The season of Beltane is just a few days away now. We are nearing our halfway point in the year- jaw dropping as that actually is!
In my path, one of the ways the masculine and feminine are coming together is in my work with Pippi, the mule I'm sponsoring. Not only am I living the sheer "I'm an adult now" delight of having responsibility with an animal all alone in a ring or (soon to be) on a trail, I'm having to really learn how to be in an equine relationship. The experience is rife with non-verbal signals, body language and behavior as the means of "dialogue." It is a desperately needed relief from words (except that Pip is a gaited mule capable of "flat walking" and is more oriented to voice commands). The number of humans you can be talking face to face with who'll notice your breath and the shift your weight as an expression of an idea or an emotion is severely limited- though I am blessed with a few in my life.
Getting in the groove of equine and rider with Pip has been challenging. Once I'm up, I've got her and can deal with pretty much whatever she has to dole out. But from the ground, we are still earning each other's respect, or rather I'm still convincing her that she owes me some. From the ground, we aren't yet on equal footing. She senses that I prefer a softer touch in working with a 1200 lb. animal versus giving her a big punch.
Our relationship feels liks a hard v. soft power struggle, a battle of wills which feels masculine vs. feminine to me. I can't really gauge when I'm riding (one of our biggest struggles is unwillingness to let me mount) whether I am in the masculine or feminine element. I'd like to think it's a softer power that keeps her flat walking, trotting and steering. But cultural stereotypes are overbearing and like a bag of Pirate's Booty, it's just so easy to reach in and invest in the "whoever is on top wins" paradigm. For the longest time, the Bush administration didn't grasp "soft power," but in this post from Daniel Drezner's blog, Robert Gates is giving soft power some reconsideration. See- even the Shrubs are drinking it!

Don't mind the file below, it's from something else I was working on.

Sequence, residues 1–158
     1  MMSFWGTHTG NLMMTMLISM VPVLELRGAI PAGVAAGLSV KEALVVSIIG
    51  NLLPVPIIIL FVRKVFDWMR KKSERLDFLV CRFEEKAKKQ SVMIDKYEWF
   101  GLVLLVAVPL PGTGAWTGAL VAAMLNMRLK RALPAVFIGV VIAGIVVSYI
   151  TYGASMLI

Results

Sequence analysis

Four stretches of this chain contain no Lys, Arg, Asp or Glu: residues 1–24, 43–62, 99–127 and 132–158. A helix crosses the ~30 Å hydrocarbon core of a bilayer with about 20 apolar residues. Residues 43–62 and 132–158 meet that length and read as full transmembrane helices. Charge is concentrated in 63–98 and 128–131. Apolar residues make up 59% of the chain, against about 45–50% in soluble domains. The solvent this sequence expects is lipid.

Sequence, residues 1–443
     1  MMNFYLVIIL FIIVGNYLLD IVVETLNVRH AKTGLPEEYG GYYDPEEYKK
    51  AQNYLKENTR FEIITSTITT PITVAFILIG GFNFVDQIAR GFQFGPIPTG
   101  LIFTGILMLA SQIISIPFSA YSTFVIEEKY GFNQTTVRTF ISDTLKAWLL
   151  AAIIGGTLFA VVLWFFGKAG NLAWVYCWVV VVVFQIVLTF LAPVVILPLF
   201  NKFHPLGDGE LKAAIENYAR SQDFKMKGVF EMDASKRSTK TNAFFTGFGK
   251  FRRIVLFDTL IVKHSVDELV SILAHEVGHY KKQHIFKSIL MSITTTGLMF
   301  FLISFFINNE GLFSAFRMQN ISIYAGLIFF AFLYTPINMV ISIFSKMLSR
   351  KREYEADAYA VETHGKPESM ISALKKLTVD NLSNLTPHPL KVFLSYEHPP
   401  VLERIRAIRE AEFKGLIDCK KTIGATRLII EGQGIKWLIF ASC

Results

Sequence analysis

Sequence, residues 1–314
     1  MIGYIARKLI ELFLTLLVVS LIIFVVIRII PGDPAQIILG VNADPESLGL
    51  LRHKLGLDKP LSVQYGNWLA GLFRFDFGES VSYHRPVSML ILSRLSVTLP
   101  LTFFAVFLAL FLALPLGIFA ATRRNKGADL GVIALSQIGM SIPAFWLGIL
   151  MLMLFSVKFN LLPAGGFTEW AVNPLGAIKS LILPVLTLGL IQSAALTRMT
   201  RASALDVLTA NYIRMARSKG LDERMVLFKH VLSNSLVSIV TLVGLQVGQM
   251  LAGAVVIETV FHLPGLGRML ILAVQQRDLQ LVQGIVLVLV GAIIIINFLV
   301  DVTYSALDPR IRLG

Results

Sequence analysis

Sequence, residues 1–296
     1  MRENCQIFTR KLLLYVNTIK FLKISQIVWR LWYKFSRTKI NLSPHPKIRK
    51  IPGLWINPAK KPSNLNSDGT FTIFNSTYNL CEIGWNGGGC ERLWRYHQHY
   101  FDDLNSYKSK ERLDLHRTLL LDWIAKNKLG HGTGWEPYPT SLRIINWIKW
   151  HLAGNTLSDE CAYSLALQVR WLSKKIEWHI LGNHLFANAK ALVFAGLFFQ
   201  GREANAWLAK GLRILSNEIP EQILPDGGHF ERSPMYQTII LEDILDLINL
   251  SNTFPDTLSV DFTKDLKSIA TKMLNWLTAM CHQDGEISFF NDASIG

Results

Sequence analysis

Perhaps as a Beltane treat, I will take her out in the woods with ribbons woven into her mane (for symbolic affect). From her early years as a pack mule, the trail was the work she knew. The riding arena is likely quite boring and mundane for her, though she does show an interest when you ask for obstacle course-like responses from her.
What forces of male and female are uniting in your life this Beltane? Is it a pleasant or unpleasant experience? What would happen if you "shifted your weight" or took non-verbal angle and applied the forces of culture and community to bring your desired outcome to bear on the situation?